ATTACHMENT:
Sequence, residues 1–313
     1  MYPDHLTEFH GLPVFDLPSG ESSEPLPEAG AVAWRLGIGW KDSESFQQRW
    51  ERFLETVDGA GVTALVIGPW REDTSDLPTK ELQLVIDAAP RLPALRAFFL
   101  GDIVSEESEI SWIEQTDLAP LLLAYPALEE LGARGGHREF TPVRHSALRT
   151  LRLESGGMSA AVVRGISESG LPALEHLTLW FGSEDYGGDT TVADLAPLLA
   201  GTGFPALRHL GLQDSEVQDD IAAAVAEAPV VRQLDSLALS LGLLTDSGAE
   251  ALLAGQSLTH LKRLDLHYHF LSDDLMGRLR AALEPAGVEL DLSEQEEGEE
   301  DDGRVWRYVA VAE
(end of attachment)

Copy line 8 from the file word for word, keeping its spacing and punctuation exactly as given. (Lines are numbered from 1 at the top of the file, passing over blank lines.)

   301  DDGRVWRYVA VAE